PARIS (AFP) – The militant group now controlling Idlib province in northwest Syria claims to have broken with Al-Qaeda, but analysts say that despite several rebrandings there’s no sign it has changed its stripes.
Hayat Tahrir al-Sham (HTS) sealed its hold on Idlib last week after signing a ceasefire with what was left of rival factions in the region.
Over time, HTS has changed both names and leaders, and statements posted on the internet suggest it had severed ties with Al-Qaeda, the terror group founded by Osama bin Laden.
But many experts dismiss such claims as smoke and mirrors, saying the organisation is simply attempting to muddy the waters and confuse intelligence agencies.
Jabhat al-Nusra, the rebel faction which gave birth to HTS, announced in July 2016 it had broken with Al-Qaeda.
But this was just “rebranding while maintaining a secret pledge of allegiance,” said Hassan Hassan, who specialises in militant movements at the Washington-based Tahrir Institute for Middle East Policy.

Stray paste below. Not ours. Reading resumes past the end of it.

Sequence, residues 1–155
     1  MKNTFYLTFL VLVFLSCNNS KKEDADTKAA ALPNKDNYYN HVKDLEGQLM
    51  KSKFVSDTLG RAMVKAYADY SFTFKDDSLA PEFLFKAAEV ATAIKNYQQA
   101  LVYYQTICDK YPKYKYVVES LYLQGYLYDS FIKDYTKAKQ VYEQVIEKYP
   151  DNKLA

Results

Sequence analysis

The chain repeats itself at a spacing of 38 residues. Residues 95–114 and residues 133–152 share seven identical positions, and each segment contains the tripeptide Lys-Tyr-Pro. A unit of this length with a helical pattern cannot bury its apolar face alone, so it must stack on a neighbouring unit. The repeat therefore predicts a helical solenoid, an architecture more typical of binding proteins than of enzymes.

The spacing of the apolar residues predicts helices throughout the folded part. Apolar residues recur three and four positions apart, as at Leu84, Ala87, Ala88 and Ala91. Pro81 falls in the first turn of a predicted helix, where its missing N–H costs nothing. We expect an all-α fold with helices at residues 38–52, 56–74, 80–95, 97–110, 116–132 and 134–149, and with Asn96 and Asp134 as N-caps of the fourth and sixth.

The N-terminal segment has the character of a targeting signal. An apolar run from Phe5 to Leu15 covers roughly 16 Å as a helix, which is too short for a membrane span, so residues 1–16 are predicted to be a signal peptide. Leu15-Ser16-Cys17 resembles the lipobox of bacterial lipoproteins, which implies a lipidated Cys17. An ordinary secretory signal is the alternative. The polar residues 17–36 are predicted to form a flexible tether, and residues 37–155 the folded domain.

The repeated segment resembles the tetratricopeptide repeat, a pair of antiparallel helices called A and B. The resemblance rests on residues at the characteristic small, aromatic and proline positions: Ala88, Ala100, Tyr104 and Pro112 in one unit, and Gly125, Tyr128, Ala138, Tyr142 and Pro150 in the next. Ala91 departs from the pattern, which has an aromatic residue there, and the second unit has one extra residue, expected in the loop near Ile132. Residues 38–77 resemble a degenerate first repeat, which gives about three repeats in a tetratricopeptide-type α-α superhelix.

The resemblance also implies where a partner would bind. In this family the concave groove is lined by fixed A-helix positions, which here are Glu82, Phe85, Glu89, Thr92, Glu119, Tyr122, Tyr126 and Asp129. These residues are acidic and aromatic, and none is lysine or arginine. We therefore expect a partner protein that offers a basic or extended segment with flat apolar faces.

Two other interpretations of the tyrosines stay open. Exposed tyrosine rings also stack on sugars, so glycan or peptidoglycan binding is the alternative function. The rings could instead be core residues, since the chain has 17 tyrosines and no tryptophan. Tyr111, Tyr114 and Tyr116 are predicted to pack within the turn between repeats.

“Throughout its numerous iterations, HTS has not altered its ideology and is still widely thought to maintain links with Al-Qaeda,” the US-based Soufan think tank said on Monday.
“HTS maintained links with Al-Qaeda’s loyalists in northern Syria and even allocated areas and resources for its supposed rivals,” Hassan said for his part.
A number of terrorist groups in Idlib still officially pay allegiance to Al-Qaeda, led by Ayman al-Zawahiri, an Egyptian, since Bin Laden’s death.
These include Hurras al-Deen, a faction comprising a few thousand terrorists including Syrians and foreign veterans of the wars in Afghanistan and Iraq.
The group also includes members of the Turkestan Islamic Party, a militant group dominated by Uighur fighters, according to the Syrian Observatory for Human Rights, a British-based monitor.
Hurras al-Deen fought alongside HTS when it took control of Idlib from other rebel groups backed by Turkey.